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The feasibility of using conversational agent technology to improve problem-solving and coping skills of young adults with cancer

Authors von Friederichs-Fitzwater M, Meyers

Published 19 April 2011 Volume 2011:1 Pages 1—8


Review by Single anonymous peer review

Peer reviewer comments 5

Marlene M von Friederichs-Fitzwater1, Frederick J Meyers2
1Division of Hematology/Oncology, Internal Medicine, 2School of Medicine, University of California Davis, Sacramento, CA, USA

Objective: Young adults with cancer have unique psychosocial needs and often lack the problem-solving and coping skills for effective resolution. We conducted a study to clarify these needs and then developed and tested an educational intervention to coach young adults with cancer in problem-solving and coping skills using a new conversational agent technology that uses a multi-media format to simulate face-to-face encounters.
Methods: We qualitatively assessed online focus groups and chat rooms with 45 young adults with cancer and used the results to develop and test an online 15-minute educational prototype using a new conversational agent technology with 49 young adults (18–35 years of age) with cancer.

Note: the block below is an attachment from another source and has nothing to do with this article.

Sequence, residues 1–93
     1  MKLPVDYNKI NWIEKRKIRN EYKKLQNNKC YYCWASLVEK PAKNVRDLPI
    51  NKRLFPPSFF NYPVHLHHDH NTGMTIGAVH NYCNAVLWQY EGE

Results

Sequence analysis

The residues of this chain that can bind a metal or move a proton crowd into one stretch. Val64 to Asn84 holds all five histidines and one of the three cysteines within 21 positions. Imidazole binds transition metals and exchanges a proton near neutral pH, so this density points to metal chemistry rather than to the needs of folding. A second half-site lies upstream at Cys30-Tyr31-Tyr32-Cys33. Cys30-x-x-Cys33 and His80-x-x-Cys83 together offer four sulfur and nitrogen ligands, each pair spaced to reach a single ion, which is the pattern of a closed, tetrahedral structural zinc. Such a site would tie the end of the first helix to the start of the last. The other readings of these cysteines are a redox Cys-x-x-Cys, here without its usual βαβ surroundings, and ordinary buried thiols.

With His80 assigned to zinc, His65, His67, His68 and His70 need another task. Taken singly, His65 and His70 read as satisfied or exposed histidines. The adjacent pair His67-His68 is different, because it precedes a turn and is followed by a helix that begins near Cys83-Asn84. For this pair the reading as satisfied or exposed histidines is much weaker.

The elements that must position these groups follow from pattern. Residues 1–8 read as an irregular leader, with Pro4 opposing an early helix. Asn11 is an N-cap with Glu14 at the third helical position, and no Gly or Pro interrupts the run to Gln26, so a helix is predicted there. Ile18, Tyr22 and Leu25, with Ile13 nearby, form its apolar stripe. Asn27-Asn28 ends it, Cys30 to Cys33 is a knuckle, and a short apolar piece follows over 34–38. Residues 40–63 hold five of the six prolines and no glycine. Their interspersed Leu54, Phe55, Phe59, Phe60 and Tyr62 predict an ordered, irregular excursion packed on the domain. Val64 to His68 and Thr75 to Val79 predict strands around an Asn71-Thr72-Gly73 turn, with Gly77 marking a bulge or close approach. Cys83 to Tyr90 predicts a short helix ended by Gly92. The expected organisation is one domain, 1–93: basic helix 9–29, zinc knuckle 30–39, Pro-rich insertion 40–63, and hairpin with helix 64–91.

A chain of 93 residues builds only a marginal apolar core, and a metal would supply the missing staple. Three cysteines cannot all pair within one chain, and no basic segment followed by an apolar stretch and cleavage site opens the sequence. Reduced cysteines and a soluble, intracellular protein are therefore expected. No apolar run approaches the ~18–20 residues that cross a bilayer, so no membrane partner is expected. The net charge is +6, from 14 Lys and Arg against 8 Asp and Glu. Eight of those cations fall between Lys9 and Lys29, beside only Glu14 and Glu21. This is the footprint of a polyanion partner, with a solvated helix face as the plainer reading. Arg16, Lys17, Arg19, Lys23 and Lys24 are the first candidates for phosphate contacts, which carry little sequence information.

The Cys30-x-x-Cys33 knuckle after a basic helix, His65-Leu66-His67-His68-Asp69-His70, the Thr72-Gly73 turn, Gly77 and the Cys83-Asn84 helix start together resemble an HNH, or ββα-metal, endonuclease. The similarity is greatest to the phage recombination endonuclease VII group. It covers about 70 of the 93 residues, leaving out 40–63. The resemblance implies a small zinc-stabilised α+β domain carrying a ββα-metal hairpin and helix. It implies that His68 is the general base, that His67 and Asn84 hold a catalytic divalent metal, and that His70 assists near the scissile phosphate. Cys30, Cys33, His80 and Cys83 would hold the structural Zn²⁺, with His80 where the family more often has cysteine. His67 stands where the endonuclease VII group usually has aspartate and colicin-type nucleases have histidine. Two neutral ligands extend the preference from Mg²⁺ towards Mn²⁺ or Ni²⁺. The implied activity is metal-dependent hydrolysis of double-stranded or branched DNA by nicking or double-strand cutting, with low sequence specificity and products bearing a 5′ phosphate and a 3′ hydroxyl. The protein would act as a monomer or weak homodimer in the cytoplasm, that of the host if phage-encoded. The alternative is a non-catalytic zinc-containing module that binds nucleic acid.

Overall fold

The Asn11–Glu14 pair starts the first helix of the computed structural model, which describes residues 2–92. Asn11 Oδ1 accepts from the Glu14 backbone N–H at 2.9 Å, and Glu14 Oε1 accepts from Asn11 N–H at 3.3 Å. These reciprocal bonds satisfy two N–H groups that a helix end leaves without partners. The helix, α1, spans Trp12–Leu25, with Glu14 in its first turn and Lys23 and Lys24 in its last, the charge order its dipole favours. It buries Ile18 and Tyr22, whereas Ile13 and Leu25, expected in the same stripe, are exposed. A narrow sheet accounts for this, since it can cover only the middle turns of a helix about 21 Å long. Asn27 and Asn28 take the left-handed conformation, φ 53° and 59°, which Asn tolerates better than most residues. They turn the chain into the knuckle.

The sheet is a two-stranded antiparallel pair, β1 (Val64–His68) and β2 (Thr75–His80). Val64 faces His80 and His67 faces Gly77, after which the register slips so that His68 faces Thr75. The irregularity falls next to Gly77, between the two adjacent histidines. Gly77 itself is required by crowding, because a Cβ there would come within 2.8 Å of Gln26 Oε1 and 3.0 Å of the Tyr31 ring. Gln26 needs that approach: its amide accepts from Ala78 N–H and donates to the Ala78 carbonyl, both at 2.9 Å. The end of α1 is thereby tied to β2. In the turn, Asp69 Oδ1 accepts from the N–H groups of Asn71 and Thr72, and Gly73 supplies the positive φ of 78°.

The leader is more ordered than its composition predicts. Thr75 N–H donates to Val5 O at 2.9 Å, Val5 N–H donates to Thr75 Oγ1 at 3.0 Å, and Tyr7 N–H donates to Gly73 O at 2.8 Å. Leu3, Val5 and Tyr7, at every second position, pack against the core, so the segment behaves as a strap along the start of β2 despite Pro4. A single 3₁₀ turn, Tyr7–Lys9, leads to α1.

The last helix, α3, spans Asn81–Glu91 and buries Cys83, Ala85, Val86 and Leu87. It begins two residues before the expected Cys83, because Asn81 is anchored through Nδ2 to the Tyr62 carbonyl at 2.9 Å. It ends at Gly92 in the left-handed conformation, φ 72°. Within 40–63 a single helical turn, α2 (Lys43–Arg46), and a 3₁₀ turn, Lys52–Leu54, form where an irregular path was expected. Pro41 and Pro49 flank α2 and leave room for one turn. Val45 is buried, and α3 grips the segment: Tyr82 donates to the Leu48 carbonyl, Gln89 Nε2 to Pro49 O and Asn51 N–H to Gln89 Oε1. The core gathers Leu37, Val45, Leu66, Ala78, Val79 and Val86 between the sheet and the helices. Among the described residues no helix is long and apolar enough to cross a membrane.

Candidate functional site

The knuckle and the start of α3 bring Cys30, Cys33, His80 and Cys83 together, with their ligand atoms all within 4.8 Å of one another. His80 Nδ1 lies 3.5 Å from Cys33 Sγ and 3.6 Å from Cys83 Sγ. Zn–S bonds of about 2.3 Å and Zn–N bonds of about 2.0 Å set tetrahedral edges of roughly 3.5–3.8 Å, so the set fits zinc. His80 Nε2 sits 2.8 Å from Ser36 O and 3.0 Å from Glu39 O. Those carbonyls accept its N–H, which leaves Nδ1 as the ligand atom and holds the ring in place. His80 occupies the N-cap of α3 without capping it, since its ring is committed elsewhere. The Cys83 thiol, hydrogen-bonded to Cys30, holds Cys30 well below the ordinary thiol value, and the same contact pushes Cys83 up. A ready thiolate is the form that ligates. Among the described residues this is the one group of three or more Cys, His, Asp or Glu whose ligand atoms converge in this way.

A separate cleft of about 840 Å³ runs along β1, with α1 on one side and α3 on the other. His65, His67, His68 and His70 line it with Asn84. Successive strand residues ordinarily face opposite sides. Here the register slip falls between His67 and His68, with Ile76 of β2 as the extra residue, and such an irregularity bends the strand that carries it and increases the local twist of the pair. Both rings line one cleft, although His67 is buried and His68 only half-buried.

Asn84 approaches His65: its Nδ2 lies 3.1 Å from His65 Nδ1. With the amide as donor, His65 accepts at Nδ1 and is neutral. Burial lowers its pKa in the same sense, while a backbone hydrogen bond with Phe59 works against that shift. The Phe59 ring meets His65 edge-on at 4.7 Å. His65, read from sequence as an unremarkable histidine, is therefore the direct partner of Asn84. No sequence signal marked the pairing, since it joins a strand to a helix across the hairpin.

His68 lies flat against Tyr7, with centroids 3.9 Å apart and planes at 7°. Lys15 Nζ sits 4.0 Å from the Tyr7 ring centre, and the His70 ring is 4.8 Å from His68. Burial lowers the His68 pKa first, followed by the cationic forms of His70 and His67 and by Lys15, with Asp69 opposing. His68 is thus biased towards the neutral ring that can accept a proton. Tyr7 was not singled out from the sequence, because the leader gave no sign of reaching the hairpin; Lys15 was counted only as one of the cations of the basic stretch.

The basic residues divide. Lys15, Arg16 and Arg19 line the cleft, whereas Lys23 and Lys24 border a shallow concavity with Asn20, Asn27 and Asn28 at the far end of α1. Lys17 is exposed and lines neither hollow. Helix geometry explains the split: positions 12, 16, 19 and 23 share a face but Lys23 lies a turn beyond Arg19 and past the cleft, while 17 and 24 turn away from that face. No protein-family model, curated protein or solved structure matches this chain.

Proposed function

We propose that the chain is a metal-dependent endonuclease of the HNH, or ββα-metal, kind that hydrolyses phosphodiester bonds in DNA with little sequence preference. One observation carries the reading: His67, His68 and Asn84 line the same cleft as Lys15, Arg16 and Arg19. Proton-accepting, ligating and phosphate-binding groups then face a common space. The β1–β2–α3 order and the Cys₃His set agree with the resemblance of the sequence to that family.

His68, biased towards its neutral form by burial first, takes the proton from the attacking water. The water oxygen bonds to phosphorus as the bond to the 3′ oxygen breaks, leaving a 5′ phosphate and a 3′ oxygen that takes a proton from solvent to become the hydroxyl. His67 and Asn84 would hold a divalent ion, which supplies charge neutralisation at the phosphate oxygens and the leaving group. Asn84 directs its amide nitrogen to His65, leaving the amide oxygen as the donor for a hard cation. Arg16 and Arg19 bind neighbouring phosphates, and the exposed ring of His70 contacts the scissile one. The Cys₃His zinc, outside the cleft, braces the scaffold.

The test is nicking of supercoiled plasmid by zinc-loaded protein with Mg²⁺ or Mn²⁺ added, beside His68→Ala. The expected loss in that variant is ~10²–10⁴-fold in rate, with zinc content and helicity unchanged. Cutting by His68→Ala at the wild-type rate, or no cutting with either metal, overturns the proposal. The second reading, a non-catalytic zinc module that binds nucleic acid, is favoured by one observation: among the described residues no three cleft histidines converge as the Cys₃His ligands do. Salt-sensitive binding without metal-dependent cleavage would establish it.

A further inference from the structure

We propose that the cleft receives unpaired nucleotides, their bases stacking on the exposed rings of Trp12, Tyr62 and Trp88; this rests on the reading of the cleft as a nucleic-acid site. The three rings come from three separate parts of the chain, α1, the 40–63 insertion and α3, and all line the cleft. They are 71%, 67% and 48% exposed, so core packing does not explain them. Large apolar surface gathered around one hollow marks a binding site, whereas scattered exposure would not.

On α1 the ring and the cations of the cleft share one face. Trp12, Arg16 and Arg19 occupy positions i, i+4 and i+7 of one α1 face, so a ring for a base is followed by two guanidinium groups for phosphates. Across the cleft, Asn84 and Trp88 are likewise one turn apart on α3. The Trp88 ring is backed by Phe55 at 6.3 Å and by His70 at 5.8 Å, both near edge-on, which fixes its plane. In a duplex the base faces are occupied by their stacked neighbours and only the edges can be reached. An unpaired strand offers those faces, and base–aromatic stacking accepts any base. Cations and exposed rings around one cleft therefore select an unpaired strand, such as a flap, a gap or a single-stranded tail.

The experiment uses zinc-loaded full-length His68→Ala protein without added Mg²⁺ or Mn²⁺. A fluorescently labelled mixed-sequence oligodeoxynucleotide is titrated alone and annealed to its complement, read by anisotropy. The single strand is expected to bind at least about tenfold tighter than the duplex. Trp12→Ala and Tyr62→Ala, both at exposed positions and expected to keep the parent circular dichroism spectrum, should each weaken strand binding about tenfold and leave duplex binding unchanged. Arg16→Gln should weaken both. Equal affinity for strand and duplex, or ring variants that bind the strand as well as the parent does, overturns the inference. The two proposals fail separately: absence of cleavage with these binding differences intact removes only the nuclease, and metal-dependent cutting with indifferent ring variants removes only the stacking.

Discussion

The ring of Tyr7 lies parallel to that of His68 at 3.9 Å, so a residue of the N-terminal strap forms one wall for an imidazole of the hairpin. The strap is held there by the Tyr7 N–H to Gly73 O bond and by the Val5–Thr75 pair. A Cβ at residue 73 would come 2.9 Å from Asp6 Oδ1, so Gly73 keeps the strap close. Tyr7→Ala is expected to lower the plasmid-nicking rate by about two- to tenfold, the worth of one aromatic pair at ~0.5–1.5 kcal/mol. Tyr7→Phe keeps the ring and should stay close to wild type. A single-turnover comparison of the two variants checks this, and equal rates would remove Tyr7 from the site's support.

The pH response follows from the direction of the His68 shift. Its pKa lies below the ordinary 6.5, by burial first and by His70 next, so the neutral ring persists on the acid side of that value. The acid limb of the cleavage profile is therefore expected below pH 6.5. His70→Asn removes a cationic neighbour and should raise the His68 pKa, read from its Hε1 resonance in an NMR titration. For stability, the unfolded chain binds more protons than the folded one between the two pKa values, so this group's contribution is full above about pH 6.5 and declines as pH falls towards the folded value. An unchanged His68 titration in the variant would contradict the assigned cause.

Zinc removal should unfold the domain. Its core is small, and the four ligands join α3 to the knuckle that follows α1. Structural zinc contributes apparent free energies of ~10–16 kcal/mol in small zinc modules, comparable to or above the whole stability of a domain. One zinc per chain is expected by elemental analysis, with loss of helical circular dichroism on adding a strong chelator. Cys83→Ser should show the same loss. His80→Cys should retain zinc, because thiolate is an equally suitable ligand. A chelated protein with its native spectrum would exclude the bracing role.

Results: Young adults with cancer are most concerned about reproductive issues, emotional issues, communicating with healthcare providers, and the risks and benefits of treatments. The study participants found the I-COPE prototype to be useful, easy to use, and worth recommending to others. They wanted to have more video segments about the experiences of other young adults with cancer; more video segments of actual procedures and treatments; more Internet links to information and resources; and more opportunities to interact with the conversational agent.
Conclusion: New conversational agent technology is useful in coaching problem-solving and coping skills to empower young adults with cancer.
Practice implications: New conversational agent technology is a useful tool in patient education and skill development, particularly among young adults.

Keywords: young adult cancer patients, conversational agent technology, problem-solving, coping, self-efficacy, survivorship

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